Riding in the cold is a matter of proper gear and a little
practice / know how. To be comfortable on cold days is a
lot of trial and error. Gauging how many layers with how
cold it is. 10 degrees up or down from 30 degrees or worse
can be the difference between freezing and having a good
Hands: The Bar Mitts of course are very
warm and help protect your hands from the wind, rain, and
snow. Varying the thickness of the gloves you wear with
the “Bar Mitts” depends on the outdoor temperature.
I prefer using full fingered gloves but the thickness will
vary depending on how cold it is. Partially un-zipping the
“Bar Mitts”, will help with ventilation if your
hands get too warm.
Upper Body: From 40 degrees or less,
I layer with the poly clothes (2-3-4 layers) under an over
sized long sleeve jersey (pockets are a must for me). When
it is really cold, I add a thin fleece under the jersey.
As with all cold weather sports, getting wet will usually
or eventually make you cold. I start out with a windbreaker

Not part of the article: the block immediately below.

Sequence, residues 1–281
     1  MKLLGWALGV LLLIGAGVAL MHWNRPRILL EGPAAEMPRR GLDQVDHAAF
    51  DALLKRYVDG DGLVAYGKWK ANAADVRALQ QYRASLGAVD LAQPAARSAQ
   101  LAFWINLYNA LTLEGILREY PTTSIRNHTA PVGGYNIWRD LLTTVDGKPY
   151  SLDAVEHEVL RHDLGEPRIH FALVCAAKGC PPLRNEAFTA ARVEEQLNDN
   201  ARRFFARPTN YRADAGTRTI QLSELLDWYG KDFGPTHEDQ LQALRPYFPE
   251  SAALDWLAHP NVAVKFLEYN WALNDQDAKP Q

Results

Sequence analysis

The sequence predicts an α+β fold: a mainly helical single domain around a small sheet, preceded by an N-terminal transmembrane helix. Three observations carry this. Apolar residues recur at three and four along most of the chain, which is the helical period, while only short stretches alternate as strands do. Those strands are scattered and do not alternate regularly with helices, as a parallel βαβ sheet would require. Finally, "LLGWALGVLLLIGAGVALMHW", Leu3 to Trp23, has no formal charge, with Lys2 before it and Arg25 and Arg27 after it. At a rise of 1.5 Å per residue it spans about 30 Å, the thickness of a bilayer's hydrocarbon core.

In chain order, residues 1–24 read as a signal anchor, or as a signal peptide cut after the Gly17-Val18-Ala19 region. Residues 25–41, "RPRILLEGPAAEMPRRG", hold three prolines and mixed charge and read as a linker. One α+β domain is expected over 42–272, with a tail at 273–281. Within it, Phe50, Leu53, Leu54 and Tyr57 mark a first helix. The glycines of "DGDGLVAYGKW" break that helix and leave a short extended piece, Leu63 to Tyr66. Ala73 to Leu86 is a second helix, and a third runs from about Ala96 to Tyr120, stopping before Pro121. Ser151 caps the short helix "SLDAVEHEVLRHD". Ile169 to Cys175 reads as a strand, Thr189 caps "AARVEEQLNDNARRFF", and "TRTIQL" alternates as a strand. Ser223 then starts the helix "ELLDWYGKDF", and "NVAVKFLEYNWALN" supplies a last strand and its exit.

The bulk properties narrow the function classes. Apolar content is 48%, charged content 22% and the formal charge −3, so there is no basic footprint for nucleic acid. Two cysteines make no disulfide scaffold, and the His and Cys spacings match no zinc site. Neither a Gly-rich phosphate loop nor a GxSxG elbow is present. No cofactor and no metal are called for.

vest and carry a long sleeve windbreaker in the back pocket.
I put that on about half way.
Legs: I wear bib shorts with tights of
three different thicknesses according to the temperature.
Feet: I am still a bootie guy. I use a
lace up pair of shoes that slide in and out of the booties
easily. I have two different thicknesses and sizes of booties
depending on the temperature. The thicker and larger pair
for cold days. I have a thick sock that slides over my shoe
(cut a hole for the cleat). Then put the thicker bootie
over that. This increases the insulation layer.
When it is crazy cold, I use a rubber band to hold a heat
pack over the shoes on top of my toes. Add the sock and
then the bootie. During the winter months, I generally ride
1 ½ to 2 hours. The heat packs can last 2 - 3 rides
if I shut them off. I use a baby food jar which is air tight
and works really well (no air, no heat).
Head: Use a different thickness size balaclava
and a fleece ear headband around my neck. Some days I use
a thin beanie hat. I switch to a slightly larger helmet
for the colder days to accommodate the extra thickness.
Sometimes just removing the padding from the helmet will
give you the extra room needed.
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